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In Conversation with Rob Cawston

29 December 2017

We’re delighted that Rob Cawston, Head Of Digital Media at ‎National Museums Scotland will be joining us for Culture Geek London. We caught up with him to talk about his work at NMS and the subject of his presentation, games.

National Museums Scotland is a huge organisation, how big is the digital team? What kind of work do you do?

We are a relatively small Digital Media team, made up of 5 full time staff. This number increases during busy periods including large-scale capital projects when there is greater demand for online and in-gallery content.

Our team is split into two core functions: i) Content and Comms, and ii) Products and Platforms. A Content Manager and two Digital Producers look after all communications across online platforms – from information and updates on the website, to planning in schedules of social media content. This includes rich media across all channels: commissioning film content, creating long-form stories for the Award-winning “Explore” section of the website, working with curators, conservators and volunteers on regular blog posts or coordinating a schedule of Facebook Live broadcasts.

On the other side, a Product Manager and Head of Department (me) oversee updates to the main website and range of digital platform including the online shop and blog. This increasingly includes digital products for use in the museum space itself whether a series of touchscreens in new galleries, digital signage throughout the venue or a range of bespoke interactives, including games.

There is also a larger Marketing & Communications team here. We sit separately from them but there is a huge crossover in our work, especially around promotional campaigns for exhibitions and new gallery launches. The team also runs focussed training sessions across the museum to upskill staff in digital communications, for example writing for the web, updating the website or managing social media.   

You’re talking at Culture Geek about games, how do they play a role in your work?

Games and “digital interactives” are playing a larger role in our team’s work as part of new gallery developments or as online features. As much as we can we try to take a multi-platform approach to game development.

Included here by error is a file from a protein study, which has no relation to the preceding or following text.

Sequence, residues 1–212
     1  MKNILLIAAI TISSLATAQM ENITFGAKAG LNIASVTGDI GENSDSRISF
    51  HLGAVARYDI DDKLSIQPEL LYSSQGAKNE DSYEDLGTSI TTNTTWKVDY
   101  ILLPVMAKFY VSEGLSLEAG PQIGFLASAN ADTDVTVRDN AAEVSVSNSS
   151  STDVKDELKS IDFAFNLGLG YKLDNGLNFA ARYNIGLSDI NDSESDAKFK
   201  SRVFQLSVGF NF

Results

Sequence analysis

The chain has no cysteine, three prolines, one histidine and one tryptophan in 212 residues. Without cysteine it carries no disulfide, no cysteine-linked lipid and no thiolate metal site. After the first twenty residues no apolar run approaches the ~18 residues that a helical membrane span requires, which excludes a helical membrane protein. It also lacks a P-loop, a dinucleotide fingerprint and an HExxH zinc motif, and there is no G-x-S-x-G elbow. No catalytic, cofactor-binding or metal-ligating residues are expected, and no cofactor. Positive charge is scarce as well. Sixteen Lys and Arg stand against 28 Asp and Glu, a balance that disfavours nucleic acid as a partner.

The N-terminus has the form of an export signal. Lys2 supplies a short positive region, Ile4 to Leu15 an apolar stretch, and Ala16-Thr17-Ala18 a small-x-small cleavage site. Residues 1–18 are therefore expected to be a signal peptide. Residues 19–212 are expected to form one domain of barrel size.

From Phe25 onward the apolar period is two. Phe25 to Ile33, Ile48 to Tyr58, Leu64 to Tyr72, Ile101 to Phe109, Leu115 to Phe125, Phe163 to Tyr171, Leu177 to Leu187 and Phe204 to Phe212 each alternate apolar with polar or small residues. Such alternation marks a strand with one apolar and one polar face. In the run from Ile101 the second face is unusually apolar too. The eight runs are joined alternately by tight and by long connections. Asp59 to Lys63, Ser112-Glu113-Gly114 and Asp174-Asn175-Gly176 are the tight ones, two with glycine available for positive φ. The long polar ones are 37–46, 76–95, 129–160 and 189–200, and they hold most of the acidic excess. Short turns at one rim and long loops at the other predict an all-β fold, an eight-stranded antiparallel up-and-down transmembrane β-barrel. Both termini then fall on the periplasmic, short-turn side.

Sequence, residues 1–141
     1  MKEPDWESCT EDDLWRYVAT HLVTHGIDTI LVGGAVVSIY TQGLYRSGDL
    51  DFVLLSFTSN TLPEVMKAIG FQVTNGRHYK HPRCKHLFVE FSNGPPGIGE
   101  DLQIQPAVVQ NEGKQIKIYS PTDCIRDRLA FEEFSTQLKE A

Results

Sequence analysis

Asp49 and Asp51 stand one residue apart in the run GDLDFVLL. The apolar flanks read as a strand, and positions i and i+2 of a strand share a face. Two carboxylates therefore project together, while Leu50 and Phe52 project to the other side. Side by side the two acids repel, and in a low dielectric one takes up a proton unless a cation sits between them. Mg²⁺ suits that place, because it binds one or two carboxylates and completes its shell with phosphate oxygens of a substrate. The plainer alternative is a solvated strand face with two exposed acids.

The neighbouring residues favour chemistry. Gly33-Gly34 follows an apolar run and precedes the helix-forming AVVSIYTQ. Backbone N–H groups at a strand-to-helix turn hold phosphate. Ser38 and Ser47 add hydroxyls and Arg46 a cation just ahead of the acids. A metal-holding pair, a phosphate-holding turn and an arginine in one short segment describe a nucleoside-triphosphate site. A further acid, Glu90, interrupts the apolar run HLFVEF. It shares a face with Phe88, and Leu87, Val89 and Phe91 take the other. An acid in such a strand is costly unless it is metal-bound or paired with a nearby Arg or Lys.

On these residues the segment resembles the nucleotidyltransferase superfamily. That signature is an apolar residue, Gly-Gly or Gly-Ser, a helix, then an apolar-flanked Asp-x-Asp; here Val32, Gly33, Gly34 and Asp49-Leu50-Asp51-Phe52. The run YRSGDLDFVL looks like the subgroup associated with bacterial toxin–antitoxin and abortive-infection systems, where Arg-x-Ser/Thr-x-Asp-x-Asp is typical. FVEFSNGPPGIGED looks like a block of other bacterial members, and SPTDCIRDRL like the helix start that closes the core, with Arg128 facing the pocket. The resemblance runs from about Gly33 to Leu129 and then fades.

So, when something is created for use in a gallery space we’ve tried to create a version (most often in HTML5) to work on the website (see this). Some of the games featured in “Explore” are flash-based and won’t work on mobile but they continue to drive a lot of traffic. We’re hoping to replace these when we can and the forthcoming launch of new Egypt and East Asia galleries at the National Museum of Scotland will include at least 5 new interactives.

Occasionally we have the opportunity and funding to do something a little different and more ambitious, like the Gen game we created in partnership with Wellcome and Aardman.

How much of that is done in-house and when do you bring in outside experts?

Pretty much all of the design and development work for bespoke products like games is done through external agencies and producers. Our role is to bring together a range of people across the museum to feed into the design process including exhibition designers, ICT and, perhaps, most importantly, curators.

We try to involve people from the start and have run creative sessions with curators to get them thinking differently about their expert topics and identify key “hooks” that would create engaging games.  We’ve also run a series of “game jams” over the last year, actively involving young people in the creation of simple games, including the very addictive Dolly and the Atom Smasher!  

What piece of advice would you have for anyone looking to develop games in a museum?

Keep things simple and set expectations. The best games in a museum setting do one thing, and do it really well. There’s often pressure to cram in a lot of information or “learning” but more-often-than it detracts from the gameplay. Keeping things simple is harder than it sounds though…

Rob Cawston will be speaking at Culture Geek London in May 2018. To find out who else is speaking and to book your ticket, click here.